“Tyra frequently reinforced in class that when it comes to personal branding — different is better,” Wood added. She is currently developing a lifestyle platform, Brains Over Blonde, for the woman who does it all. She plans to provide digital content, coaching courses, and an online community to support and empower women in all areas of life. “This class was a big help”, she said: “It taught us to use our personal brand to our advantage, to control the narrative and to look at personal branding as an opportunity to share our voices and world views.”

During your time on social media, pay attention to what content your followers are most drawn to. “It’s important to mine for data,” Banks says.

GSB lecturer Allison Kluger and co-lecturer Tyra Banks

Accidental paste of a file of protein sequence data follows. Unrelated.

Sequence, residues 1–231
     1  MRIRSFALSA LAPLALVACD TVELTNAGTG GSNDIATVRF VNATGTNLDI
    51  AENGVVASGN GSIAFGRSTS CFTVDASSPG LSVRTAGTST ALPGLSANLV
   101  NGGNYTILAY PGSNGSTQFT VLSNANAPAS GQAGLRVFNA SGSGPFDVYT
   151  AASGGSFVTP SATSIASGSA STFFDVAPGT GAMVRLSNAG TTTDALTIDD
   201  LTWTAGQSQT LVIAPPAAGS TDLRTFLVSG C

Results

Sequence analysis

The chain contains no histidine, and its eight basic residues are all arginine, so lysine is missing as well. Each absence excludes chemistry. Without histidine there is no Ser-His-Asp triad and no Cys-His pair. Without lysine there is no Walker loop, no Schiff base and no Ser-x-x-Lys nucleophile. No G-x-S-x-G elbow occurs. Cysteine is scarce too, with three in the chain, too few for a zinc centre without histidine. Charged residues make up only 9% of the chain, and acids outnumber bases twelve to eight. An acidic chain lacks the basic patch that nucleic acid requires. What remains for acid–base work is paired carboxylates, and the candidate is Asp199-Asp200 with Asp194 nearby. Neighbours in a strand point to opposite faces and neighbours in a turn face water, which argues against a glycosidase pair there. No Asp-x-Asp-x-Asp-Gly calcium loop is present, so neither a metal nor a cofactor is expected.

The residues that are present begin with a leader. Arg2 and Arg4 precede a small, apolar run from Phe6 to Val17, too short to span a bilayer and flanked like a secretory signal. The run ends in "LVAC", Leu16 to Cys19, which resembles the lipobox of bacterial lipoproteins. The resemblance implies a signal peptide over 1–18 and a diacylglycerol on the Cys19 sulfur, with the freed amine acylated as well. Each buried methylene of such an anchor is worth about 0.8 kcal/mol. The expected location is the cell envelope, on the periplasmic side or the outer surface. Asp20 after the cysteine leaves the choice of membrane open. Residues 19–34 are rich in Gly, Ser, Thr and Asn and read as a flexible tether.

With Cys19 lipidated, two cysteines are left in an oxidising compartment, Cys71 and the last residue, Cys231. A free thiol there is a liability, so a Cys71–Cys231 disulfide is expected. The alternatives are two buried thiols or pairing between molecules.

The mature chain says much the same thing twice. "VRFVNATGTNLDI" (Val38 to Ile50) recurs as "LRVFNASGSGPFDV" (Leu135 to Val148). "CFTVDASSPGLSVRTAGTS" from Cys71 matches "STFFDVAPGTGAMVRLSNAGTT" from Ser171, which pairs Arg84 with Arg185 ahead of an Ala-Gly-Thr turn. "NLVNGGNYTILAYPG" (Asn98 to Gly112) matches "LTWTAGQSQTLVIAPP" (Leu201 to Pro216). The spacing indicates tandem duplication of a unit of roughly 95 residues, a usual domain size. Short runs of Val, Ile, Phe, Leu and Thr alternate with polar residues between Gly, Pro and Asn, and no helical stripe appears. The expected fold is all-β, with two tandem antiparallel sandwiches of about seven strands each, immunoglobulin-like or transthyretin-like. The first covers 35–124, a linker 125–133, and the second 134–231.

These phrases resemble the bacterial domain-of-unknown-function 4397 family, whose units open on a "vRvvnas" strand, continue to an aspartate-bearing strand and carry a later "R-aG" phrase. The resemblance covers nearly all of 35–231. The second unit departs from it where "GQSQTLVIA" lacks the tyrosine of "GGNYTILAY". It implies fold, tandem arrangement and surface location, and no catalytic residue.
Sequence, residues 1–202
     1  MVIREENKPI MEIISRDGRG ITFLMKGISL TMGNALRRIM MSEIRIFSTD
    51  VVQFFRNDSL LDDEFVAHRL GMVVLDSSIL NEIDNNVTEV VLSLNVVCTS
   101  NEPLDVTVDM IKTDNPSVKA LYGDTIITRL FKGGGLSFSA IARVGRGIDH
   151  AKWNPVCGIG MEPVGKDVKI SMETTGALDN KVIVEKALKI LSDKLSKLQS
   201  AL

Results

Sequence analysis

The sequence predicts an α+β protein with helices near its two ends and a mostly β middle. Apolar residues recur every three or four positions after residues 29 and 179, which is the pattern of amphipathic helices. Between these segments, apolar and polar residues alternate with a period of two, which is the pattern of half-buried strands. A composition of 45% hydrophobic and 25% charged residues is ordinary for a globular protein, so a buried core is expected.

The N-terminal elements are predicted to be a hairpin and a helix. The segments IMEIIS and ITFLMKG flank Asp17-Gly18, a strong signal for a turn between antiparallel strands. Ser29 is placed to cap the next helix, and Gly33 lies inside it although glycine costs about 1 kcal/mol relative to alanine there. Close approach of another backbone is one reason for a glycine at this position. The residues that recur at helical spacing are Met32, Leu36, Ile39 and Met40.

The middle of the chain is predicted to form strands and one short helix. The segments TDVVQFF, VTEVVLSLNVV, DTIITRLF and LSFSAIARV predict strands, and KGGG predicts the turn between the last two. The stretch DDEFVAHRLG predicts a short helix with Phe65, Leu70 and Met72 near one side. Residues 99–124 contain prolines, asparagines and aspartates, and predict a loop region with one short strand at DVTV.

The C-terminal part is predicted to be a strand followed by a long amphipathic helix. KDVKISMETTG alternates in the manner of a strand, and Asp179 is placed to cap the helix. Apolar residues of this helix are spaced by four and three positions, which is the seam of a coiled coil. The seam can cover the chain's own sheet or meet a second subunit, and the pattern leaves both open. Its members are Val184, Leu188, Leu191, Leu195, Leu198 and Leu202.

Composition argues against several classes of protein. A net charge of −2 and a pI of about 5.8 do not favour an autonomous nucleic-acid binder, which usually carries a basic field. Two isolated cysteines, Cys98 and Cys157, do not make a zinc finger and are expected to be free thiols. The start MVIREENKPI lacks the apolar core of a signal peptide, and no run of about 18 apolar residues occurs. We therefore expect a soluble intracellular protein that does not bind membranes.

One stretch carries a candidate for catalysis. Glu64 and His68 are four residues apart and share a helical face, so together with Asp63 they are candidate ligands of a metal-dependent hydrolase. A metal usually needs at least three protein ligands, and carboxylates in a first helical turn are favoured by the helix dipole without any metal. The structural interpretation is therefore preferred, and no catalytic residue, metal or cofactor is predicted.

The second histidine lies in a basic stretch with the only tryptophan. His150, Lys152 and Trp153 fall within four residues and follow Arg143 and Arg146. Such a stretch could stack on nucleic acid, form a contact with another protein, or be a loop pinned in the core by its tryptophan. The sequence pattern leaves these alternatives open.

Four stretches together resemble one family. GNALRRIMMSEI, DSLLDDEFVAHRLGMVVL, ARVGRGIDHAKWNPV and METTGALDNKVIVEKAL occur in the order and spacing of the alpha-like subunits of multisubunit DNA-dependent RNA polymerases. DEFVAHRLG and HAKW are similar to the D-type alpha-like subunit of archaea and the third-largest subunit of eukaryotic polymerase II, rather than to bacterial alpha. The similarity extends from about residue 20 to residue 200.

GSB lecturer Allison Kluger and co-lecturer Tyra Banks

Actions to Match Ambition

The fourth and final tip from this roundtable of master branders? Go all in.

“If you dip your toe in, you will get dip-your-toe results,” Vaynerchuk said. “You need to reverse engineer your ambitions. Knowing where you are going has an enormous upside.”

Vaynerchuk said success requires a relentless effort. Always be self-aware, always bolster your profile and always seek new audiences. He offered tactical advice, too — like starting a podcast. “They allow you to stand out,” he said. Vaynerchuk also likes Facebook Live, but feels it’s often “reserved for a select few, as it’s very hard to keep attention.”

(On that note, here’s a clip of a Q & A segment with Banks and Vaynerchuk on Facebook Live: http://bit.ly/2svE7Mv.)

In Closing

This class gets high marks. In fact, there’s no doubt it should be replicated at institutions across the globe — from business schools to middle schools.